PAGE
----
Submitted By Darren Smith, Weekend Contributor
Advocates of allowing the convicted the opportunity to have DNA tests performed on evidence in the hope of releasing from prison innocent persons could find benefit in an En Banc ruling by the Washington Supreme Court.
In State v. Crumpton the Court created a standard lower courts court should use to decide a motion for post-conviction DNA testing and whether a court should presume DNA evidence would be favorable to the convicted individual when determining if it is likely the evidence would prove his or her innocence in order to determine if the DNA test is provided.
In 1993 petitioner Lindsey Crumpton was convicted of five counts of rape in the first degree and one count of residential burglary. He then petitioned the Superior Court to grant him a post-conviction DNA test as provided in RCW 10.73.170(3) which reads in pertinent part:
(3) The court shall grant a motion requesting DNA testing under this section if such motion is in the form required by subsection (2) of this section, and the convicted person has shown the likelihood that the DNA evidence would demonstrate innocence on a more probable than not basis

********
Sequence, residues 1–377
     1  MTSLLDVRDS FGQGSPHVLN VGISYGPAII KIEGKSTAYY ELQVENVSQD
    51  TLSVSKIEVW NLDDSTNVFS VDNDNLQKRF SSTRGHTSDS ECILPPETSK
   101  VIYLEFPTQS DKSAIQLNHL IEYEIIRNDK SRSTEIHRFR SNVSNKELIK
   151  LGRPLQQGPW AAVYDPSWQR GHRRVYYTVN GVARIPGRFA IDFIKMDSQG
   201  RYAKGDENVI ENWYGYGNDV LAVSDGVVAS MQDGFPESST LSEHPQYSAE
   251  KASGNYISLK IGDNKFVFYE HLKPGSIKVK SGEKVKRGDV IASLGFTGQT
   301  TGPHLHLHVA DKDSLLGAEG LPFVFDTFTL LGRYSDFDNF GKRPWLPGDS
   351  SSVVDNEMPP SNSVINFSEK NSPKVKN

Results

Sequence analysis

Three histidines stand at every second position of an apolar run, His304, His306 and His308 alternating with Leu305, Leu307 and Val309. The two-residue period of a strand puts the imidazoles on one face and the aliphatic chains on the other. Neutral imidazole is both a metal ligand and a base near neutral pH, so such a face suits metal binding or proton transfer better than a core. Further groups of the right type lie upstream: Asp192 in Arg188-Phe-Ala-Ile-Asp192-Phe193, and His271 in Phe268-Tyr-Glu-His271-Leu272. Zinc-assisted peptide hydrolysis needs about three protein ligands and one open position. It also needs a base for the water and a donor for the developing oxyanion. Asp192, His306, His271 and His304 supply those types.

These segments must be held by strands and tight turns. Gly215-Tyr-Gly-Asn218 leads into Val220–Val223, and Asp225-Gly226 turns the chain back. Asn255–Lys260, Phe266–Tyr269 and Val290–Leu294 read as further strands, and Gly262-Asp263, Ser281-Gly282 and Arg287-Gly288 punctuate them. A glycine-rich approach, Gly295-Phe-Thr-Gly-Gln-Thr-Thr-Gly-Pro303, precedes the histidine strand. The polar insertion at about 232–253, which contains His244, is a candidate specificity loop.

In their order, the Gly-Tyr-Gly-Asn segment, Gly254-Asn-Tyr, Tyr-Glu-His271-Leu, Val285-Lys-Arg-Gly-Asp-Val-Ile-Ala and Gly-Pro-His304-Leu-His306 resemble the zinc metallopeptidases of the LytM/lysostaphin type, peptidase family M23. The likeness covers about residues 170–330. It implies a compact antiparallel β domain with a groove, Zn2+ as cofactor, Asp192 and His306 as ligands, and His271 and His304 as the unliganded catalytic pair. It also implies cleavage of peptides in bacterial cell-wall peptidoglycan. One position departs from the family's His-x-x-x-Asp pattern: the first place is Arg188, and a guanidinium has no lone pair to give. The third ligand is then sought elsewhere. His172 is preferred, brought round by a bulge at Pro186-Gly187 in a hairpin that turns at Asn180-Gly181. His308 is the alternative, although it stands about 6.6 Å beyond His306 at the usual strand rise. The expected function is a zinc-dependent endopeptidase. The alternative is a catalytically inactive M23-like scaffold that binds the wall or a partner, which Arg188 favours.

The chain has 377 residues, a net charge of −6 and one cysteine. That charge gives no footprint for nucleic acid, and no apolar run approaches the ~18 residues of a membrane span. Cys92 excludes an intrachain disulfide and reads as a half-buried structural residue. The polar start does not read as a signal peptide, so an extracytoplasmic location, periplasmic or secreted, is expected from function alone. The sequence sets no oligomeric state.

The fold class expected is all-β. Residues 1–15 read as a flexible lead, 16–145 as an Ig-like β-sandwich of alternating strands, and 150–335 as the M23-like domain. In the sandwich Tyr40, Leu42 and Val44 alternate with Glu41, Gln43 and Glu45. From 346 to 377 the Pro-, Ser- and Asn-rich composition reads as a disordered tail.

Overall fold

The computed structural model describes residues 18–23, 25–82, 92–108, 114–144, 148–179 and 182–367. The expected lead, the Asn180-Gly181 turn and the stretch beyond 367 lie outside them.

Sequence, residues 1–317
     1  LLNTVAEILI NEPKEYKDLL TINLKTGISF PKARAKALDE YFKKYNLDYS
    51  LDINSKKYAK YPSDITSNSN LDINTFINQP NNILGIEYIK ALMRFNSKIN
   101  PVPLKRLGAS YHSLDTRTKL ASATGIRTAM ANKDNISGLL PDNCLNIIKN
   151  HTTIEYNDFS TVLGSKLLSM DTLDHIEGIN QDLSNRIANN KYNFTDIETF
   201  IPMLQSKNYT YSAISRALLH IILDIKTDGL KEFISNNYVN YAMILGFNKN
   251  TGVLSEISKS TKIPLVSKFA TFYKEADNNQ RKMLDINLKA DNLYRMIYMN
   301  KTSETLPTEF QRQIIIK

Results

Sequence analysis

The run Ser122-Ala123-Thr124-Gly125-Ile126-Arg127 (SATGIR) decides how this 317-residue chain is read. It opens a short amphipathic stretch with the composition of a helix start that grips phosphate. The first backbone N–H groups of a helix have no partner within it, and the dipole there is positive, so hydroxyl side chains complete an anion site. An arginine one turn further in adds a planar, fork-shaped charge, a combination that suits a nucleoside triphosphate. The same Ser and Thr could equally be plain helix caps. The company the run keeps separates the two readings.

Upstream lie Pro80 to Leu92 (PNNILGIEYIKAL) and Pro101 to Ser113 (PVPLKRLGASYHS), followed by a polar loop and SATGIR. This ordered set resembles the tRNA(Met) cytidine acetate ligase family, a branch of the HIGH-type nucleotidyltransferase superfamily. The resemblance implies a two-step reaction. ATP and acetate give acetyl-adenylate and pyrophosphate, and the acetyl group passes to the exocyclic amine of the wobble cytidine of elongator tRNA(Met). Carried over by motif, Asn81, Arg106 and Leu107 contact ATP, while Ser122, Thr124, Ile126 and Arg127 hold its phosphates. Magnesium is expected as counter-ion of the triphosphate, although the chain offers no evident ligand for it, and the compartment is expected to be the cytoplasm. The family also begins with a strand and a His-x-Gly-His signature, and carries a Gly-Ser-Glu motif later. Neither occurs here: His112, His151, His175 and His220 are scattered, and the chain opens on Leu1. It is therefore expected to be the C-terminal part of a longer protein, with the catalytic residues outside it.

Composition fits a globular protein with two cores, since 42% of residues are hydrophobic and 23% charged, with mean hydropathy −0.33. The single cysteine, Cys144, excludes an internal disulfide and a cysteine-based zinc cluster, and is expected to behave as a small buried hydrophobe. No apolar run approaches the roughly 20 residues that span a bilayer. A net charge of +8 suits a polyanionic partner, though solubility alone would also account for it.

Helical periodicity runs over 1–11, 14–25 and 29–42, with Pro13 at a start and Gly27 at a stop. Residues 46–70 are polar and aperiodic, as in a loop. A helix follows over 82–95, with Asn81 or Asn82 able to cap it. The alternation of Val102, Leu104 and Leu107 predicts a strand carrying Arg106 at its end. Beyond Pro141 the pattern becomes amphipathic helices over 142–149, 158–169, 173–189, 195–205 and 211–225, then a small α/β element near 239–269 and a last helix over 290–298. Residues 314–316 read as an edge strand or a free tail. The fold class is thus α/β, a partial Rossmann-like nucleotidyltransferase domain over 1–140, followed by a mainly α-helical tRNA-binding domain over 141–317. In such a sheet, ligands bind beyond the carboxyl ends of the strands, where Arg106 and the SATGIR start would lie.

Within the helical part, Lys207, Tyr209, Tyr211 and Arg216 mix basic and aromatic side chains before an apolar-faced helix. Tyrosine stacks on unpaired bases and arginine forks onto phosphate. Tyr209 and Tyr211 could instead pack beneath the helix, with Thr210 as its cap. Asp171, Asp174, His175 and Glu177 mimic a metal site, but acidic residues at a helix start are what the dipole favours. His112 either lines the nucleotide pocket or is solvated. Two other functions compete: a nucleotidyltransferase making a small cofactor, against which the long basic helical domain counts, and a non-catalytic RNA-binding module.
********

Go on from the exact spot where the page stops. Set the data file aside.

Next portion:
The superior court denied this motion, saying he had not shown a ‘”likelihood that the DNA evidence would demonstrate his innocence on a more probable than not basis.” An appeal to a Washington Court of Appeals ultimately denied the defendant’s motion and affirmed the Superior Court’s denial of his motion. The Washington Supreme Court reversed and remanded the motion back to the trial court to apply the new standard in determining whether such DNA testing should be granted.
The opinion provided the following factual background and procedural history:
In 1993, a 75 year old widow living alone in Bremerton was repeatedly raped by an intruder). The woman was awoken at around 3: 15 a.m. and saw a man standing in her room. The man covered her head with bedding and raped her five times, four times anally and once vaginally. In between each rape, he rummaged through different rooms in the house for valuables. The woman was unable to give a good description of the rapist due to the dark room and her head being covered during the encounter. ! However, she described him as a “‘big black man”‘ who felt ‘”greasy”‘ and smelled of cologne